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Always interested in offers/projects/new ideas. Eclectic experience in fields like: numerical computing; Python web; Java enterprise; functional languages; GPGPU; SQL databases; etc. Based in Santiago, Chile; telecommute worldwide. CV; email.

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Lessons Learned from AppEngine's Data Store

From: andrew cooke <andrew@...>

Date: Tue, 2 Aug 2011 19:57:31 -0400

This is a brief summary of the things I've learnt while using Google's
AppEngine Data Store - a "NoSQL" database designed for high performance.

1 - Do this!  I was wary of AppEngine because of lock-in, etc, but you can
easily get Django working, which avoids learning a whole new framework,
and Django non-rel has the promise to liberate you completely, if needed
(but see below).

No amount of reading about "NoSQL" taught me what I learnt writing code
- if you're a programmer, the GAE Data Store is a great intro.

2 - Think hard about how your application works up-front.  This is a big
shift from SQL, where you probably had a logical, normalised,
independent, data model and then mapped between that and your
application with SQL.  You can't do that with the Data Store.  Instead,
you need to design the data model around the actions that occur in your
application.

In other words: with SQL you have the luxury of a layer of isolation

3 - Think hard about where you need transactions, and where not.  Again,
this is reflected directly in the data model.  The one aspect of the
Data Store that has impressed me most is how they have managed to
combine scalability with transactions.

For me, the necessary structure was pretty clear - I have users that
"own" certain objects, so those "owned" objects are children of the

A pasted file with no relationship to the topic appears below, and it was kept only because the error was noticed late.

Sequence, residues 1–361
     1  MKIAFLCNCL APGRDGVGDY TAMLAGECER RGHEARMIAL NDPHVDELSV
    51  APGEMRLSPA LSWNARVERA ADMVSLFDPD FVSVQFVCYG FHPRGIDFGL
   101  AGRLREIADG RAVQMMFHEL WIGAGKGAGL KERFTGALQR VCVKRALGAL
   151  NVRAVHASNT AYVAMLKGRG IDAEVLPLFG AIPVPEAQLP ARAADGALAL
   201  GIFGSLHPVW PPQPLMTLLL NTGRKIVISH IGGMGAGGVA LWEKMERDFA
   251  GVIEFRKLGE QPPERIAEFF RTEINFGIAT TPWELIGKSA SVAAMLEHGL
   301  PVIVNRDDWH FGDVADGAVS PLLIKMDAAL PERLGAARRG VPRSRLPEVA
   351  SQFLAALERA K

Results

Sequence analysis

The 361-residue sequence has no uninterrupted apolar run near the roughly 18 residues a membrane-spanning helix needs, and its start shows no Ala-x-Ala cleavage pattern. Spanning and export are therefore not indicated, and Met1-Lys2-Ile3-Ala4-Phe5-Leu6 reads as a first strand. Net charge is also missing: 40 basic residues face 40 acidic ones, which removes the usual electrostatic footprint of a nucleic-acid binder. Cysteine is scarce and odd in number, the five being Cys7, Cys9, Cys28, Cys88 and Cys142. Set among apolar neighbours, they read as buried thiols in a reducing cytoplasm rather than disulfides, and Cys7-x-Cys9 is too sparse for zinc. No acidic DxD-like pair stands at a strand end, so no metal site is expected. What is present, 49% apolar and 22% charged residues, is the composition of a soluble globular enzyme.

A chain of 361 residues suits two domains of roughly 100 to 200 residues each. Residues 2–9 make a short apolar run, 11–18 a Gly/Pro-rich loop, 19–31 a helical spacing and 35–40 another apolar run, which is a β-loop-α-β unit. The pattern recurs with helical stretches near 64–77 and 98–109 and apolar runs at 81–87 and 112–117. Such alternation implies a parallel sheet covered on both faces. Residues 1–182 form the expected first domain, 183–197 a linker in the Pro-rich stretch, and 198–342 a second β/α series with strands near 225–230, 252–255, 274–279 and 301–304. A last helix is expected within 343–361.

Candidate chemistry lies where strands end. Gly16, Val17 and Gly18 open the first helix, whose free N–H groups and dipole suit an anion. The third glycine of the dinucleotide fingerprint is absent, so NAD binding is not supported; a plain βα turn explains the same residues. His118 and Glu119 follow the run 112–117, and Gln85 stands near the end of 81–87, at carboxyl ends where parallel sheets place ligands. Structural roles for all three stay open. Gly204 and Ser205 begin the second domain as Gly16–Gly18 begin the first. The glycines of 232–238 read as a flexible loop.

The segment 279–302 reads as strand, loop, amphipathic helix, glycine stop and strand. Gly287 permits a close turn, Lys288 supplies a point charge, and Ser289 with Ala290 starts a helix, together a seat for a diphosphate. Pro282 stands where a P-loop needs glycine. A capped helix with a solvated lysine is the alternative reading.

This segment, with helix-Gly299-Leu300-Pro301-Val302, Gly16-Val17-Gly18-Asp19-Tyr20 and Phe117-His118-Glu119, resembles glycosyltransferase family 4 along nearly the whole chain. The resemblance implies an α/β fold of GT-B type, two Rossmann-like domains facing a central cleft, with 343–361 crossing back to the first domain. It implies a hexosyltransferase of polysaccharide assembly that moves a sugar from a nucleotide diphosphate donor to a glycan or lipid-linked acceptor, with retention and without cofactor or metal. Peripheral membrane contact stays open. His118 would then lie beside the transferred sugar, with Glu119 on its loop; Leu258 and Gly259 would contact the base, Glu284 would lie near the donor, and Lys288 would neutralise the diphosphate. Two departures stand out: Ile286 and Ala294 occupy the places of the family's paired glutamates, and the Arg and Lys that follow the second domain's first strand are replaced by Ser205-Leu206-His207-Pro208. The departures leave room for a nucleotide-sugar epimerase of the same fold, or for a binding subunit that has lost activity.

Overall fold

users.  This lets me guarantee consistency where I need it (where users
can see an account balance, for example).  Separate from that, and free
of any transactions or trees, are the main data in my application.
These are not guaranteed to be immediately consistent, but are much more
efficiently handled.  The data model reflects all this.

4 - Think about how caching can fail.  This isn't NoSQL-specific, but it's
important anyway: caching gets easier the less strict you are about
behaviour.  Choose the design so that if you cache too much, or for too
long, it's not a problem - make it generous by default (so, for example,
I have a resource that expires after a certain time, but I don't care
whether caching extends that - what is important is that I never
over-restrict a user).

Related: use negative caching only where it is absolutely critical.
It's so easy to get in a mess here...

5 - Carefully choose the keys for your cache.  They should reflect the
entire state you are caching, so that you don't need to worry about
retrieving inconsistent data.

6 - Clean out your database in a separate thread.  Omit non-critical
write/delete operations from views.  Instead, delegate them to a
background worker task.  This is particularly true when deleting - it's
a slow, painful process to delete large amounts of data from the store.

Inconsistency is your friend.  Much of your code has to work assuming
assume very little and then tidy things later in a separate, batch task.

7 - Don't rely on Django non-rel until you understand the store without it.
The non-rel package was a great help when I was starting - my initial
code looked like a nice, familiar Django project.  Then I began
wondering just what "eventual consistency" might mean and realised I had
some very nasty bugs, because non-rel doesn't currently support
transactions.

And even when transactions are added to non-rel (they are work in
progress), I would suggest using the basic models Google provides until
you understand the system in detail.  Despite reading much of the
documentation I really didn't grasp how everything worked until I had
used the API.

So I would suggest the following: if it helps, start with non-rel to get
transactions; go back to non-rel if and when you are confident it makes
sense.

[Beware that the non-rel and related packages bundle 1.3, while 1.2 is
the latest supported directly by AppEngine - I switched back to 1.2 when
I switched models and it was worth it just for the reduced deploy time]

In summary:

- Simplify cache use with careful key choice and relaxed behaviour.
- Don't try to keep everything consistent in your views - delegate
Andrew
BTW, the site on which teh above is based is http://www.parti.cl - it provides
put next to users, you just load the images from there.